THINKING SMALL Dr. Ceana Nezhat Gynecologic surgeon and program director for advanced minimally invasive gynecologic surgery at Northside Hospital

Nezhat is able to make smaller and more precise incisions resulting in less pain, faster recovery and less trauma.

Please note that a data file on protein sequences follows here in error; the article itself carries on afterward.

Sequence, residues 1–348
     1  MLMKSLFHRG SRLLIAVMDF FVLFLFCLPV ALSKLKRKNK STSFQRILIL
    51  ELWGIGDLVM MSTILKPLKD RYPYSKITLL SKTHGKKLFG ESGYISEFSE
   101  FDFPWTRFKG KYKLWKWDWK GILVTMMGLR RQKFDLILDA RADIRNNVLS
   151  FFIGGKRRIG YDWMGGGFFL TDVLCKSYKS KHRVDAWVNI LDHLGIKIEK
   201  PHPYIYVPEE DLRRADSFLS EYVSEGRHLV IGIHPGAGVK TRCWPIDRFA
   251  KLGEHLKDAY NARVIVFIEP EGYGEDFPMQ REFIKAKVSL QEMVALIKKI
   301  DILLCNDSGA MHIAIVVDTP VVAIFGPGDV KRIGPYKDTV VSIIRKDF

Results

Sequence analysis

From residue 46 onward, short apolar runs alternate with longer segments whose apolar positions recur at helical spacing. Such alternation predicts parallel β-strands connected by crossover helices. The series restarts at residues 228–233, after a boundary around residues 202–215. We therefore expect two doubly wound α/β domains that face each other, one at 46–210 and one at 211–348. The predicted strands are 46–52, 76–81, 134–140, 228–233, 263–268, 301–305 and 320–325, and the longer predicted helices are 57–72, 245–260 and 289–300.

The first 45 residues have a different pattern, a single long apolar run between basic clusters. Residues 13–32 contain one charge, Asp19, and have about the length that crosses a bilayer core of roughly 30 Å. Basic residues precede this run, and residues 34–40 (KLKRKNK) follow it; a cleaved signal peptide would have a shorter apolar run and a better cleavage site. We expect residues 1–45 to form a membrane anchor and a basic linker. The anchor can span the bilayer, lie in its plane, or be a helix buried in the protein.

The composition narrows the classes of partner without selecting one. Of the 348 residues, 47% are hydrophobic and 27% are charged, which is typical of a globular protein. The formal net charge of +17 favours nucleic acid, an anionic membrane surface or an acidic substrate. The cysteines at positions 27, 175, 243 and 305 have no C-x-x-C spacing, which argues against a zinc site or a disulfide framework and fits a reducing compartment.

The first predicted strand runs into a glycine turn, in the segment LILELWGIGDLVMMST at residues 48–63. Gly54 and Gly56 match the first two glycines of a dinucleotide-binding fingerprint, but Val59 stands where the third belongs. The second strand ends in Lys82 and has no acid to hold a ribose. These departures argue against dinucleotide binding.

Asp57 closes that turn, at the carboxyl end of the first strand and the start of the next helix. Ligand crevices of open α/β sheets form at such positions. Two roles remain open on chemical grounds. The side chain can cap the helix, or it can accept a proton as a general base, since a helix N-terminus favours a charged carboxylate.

ometimes a tiny change can make a huge difference. Just ask Dr. Ceana Nezhat, who specializes in treating patients with endometriosis (a painful disorder affecting 1 of 10 women where cells from the uterine lining grow in other parts of the body). Nezhat has served as the driving force for the advancement and development of a brand-new “mini” laparoscopic surgery to treat endometriosis— and other disorders of the abdomen—which utilizes a state-of-the-art line of instruments and the smallest needles yet (approximately 1/8 of an inch in diameter) as well as a new, more precise line of surgical tools. With “mini” laparoscopy, Nezhat is able to make smaller and more precise incisions when treating his patients, resulting in less pain, faster recovery and less trauma. “These instruments allow us to do more,” Nezhat says. “But,” he notes, “more surgical skill is needed in terms of dexterity and fine movement.” Nezhat extended his surgical expertise and offered suggestions for the designs of the tools in the “MiniLaparoscopy Instrument Set” developed by Karl Storz Endoscopy-America Inc. before they became available in the United States. He is also one of the earlier surgeons, if not the first, to use the instruments in surgery when they arrived on the market in 2013. Sandy Springs’ Northside Hospital treats more cases of endometriosis by operative laparoscopy than any other hospital in the state, and, according to the hospital, was the first Georgia hospital to perform “mini” laparoscopy. Last October, surgeons from around the globe tuned in to watch Nezhat perform a mini-laparoscopy surgery as it was broadcast live at the American Society for Reproductive Medicine’s annual meeting. Since the introduction of these instruments at Northside, Nezhat has shown visiting surgeons from around the world how to use the instruments in surgery. He is also putting the word out about the benefit of the technology to fellow surgeons at organizations like the Society of Reproductive Surgeons (of which he is on the board) and American Association of Gynecologic Laparoscopists (of which he is the new president). In March, at the 2nd World Symposium on Endometriosis at the InterContinental Hotel Buckhead Atlanta, Nezhat is discussing the surgery and his research findings, which includes searching for a link between endometriosis and cancer. But the ambitious doctor hasn’t stopped there. Currently, he’s also working on developing tests for the early detection of endometriosis (through procedures like blood tests). “About half the time, endometriosis is diagnosed too late. In several of the cases, by the time the patient comes to me it has already invaded their intestines or bladder or caused infertility issues,” he says. “We’re hoping to do tests that will allow us to detect risk factors for endometriosis early, including in young girls, so we can monitor them more closely and potentially avoid the need for surgery down the road.” n Photo: Tyler Welbron